In the next couple of weeks companies will be talking about first quarter results and expectations for the second quarter. Though many tech companies are trying to hit already lowered targets for the first quarter, some could still fall short and outlooks for the second quarter are expected to be grim. "I think, by and large, expectations are not quite right for the second quarter. They're still too high," says Patrick Adams, president of Choice Funds in Denver, Colo.
"In general, things are bad in technology, but a lot of companies already pre-announced. Still, maybe we'll see some second-tier stocks come out with much worse than expected earnings," Adams adds.
Tuesday's higher-than-expected consumer confidence data boosted the major indexes for the third straight session. But on Wednesday warnings from high profile companies dashed the bear market rally in both Old Economy and Nasdaq stocks. The Dow, which was dragged lower by its tech components, ended off 162.19 points, or 1.63%, to 9,785.35. The Nasdaq, meanwhile, shed 118.34 points, or 6.00%, to 1,853.92. And the broader S&P 500 closed down 28.92 points, or 2.45%, to 1,153.25.
Telecom equipment maker Nortel Networks (NT
), which has already tumbled to new lows after previous warnings, said after the close Tuesday that it would no longer provide full-year forecasts. It warned that its first quarter results will fall be below previous expectations. "Now what's going to happen is all the companies in tech land are going to come out and say the same thing [as Nortel]- that they don't know when things will get better," said Brian Finnerty, head trader at CE Unterberg Towbin.
The ugly corporate news, "coupled with the strong market of the last three trading sessions, gave traders the ability and need to take some profits in this market," Adam Friedman, a senior portfolio manager on Armada Small Cap Value Fund/A (AMRRX
) told S&P's AdvisorInsight.
Handheld computer maker Palm Inc. (PALM
) posted earnings for the third quarter that beat analysts' expectations, but became the latest company to announce layoffs and other cost-cutting as a result of lower demand for its products.
Dow member Walt Disney Co. (DIS
) is weighing on the blue-chip index today on news that it plans to slash 4,000 jobs, or about 3%, from its global workforce by July as the slowing economy that has cut into advertising sales could spread to its tourism business.
U.S. Treasuries finished mixed. Another meltdown in the tech stocks gave the short end of the Treasury curve a lift at the expense of the long bond. Indeed, the long bond failed to capitalize on the safe-haven flow and closed slightly lower on the session.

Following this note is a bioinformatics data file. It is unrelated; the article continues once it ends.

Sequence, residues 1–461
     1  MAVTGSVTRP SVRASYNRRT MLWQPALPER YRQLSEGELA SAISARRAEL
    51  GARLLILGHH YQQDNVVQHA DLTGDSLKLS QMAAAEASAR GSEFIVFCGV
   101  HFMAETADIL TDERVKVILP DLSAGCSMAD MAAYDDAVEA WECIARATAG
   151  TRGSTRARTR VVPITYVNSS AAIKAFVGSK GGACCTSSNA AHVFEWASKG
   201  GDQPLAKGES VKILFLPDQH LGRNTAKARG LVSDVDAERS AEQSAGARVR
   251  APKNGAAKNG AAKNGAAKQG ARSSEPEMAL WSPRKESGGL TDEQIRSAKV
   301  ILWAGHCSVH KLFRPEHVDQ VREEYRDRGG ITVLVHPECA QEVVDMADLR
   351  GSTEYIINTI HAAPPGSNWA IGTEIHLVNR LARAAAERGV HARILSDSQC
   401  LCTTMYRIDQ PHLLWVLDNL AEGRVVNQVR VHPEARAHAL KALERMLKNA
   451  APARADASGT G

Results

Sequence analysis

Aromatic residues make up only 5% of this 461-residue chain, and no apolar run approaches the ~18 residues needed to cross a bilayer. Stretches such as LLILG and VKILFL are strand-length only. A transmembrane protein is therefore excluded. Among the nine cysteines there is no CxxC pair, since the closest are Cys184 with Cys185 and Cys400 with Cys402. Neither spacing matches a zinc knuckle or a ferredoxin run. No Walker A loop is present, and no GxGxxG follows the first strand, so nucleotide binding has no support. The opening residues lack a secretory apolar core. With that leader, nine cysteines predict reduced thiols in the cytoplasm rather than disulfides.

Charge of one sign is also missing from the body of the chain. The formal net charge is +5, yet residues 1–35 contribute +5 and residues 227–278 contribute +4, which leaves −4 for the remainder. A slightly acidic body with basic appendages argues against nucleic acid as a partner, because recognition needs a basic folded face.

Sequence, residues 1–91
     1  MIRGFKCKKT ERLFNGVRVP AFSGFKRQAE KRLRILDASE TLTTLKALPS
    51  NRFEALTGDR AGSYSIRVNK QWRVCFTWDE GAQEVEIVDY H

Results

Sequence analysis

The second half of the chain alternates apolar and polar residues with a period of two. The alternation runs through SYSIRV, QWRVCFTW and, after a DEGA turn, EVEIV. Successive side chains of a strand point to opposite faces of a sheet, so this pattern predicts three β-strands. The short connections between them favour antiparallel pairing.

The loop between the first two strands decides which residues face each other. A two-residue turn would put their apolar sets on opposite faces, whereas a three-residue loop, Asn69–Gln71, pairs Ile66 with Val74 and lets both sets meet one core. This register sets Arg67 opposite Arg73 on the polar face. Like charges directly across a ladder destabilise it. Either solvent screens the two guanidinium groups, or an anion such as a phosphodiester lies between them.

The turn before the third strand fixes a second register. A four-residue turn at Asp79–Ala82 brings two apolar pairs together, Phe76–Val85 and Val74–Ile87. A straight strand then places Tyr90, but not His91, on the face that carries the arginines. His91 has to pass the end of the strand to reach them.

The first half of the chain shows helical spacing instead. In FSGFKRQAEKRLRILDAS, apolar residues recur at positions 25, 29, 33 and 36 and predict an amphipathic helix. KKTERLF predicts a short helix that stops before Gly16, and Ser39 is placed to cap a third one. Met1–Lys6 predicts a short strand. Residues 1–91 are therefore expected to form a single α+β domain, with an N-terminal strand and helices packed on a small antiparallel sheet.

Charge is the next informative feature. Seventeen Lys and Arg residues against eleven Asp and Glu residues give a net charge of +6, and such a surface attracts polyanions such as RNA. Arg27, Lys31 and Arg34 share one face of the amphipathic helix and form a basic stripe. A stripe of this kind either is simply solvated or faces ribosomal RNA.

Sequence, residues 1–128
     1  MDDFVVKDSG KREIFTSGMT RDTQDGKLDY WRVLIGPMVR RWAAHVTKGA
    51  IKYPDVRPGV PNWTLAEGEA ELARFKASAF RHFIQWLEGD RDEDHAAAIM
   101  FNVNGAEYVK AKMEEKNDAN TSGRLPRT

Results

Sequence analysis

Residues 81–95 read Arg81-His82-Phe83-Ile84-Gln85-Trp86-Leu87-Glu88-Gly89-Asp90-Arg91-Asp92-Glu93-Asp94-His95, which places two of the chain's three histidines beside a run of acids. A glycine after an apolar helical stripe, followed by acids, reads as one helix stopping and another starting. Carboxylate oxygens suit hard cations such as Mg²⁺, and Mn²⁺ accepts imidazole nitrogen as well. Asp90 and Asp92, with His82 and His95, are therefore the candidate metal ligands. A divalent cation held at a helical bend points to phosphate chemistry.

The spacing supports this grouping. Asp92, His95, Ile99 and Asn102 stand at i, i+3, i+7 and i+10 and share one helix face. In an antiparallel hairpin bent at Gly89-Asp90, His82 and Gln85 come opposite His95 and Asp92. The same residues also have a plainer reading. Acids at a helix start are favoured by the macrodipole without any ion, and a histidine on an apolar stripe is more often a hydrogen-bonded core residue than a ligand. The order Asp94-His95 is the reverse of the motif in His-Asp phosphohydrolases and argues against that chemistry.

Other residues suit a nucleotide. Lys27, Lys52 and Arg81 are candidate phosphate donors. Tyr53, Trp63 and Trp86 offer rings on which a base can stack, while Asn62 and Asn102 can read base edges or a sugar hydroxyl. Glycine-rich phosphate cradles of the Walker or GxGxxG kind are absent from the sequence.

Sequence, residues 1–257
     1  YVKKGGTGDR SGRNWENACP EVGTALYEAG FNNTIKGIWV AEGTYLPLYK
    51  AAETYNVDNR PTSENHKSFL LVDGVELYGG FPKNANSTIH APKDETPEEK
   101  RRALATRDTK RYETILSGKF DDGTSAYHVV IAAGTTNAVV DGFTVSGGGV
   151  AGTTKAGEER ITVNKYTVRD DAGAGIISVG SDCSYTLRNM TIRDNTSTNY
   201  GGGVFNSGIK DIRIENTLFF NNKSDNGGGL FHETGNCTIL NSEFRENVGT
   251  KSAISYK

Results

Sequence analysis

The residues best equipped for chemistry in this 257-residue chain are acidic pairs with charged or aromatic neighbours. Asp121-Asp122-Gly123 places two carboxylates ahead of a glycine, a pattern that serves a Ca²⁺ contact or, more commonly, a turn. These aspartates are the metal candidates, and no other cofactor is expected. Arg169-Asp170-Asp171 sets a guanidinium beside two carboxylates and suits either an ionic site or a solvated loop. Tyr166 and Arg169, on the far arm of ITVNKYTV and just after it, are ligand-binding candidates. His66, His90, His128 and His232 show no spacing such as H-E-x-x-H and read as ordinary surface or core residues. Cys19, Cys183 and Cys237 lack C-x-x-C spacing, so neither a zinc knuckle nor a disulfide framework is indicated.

Stocks in the News
Beverage giant Coca-Cola (KO
) said it expects worldwide unit case volume to grow in the range of 4% to 5% during the first quarter.
ADC Telecom (ADCT
) further lowered its second quarter guidance to a pro forma loss of between $0.10 and $0.15 on sales of $650 million to $700 million. The maker of telecom equipment blamed the economy and the slowdown in capital spending by communication service providers.
) said it sees continued sales growth in its business at this time. Meanwhile Credit Suisse First Boston trimmed its estimates and Merrill Lynch downgraded the stock to near term neutral from accumulate.
European stocks closed lower as those markets followed a lower open in the U.S. In London, the Financial Times-Stock Exchange 100 index ended down 114.10 points, or 1.99%, to 5,614.00. In Germany, the DAX Index ended down 120.69 points, or 2.03%, to 5,817.52. In France, the CAC 40 finished off 85.17 points, or 1.63%, to 5,150.43.
In Asia, the markets finished higher. The Nikkei added 127.18 points, or 0.93%, to 13,765.51. In Hong Kong, the Hang Seng ended up 143.51 points, or 1.13%, to 12,851.41.
President Bush's vision for reining in government growth and providing $1.6 trillion in tax cuts over 10 years is set to move a step closer to reality today with the House expected to pass the plan on mostly partisan vote: Reuters.
California's power regulators approved the largest utility rate increases in state history in an effort to avert more rolling blackouts and keep the state's principal electricity producers from collapsing in bankruptcy: NYT.
The Macedonian army launched a fresh offensive to clear ethnic Albanian rebels from the hills along the northern border with Kosovo, but the rebels vowed to fight back: WSJ. By Amy Tsao in New York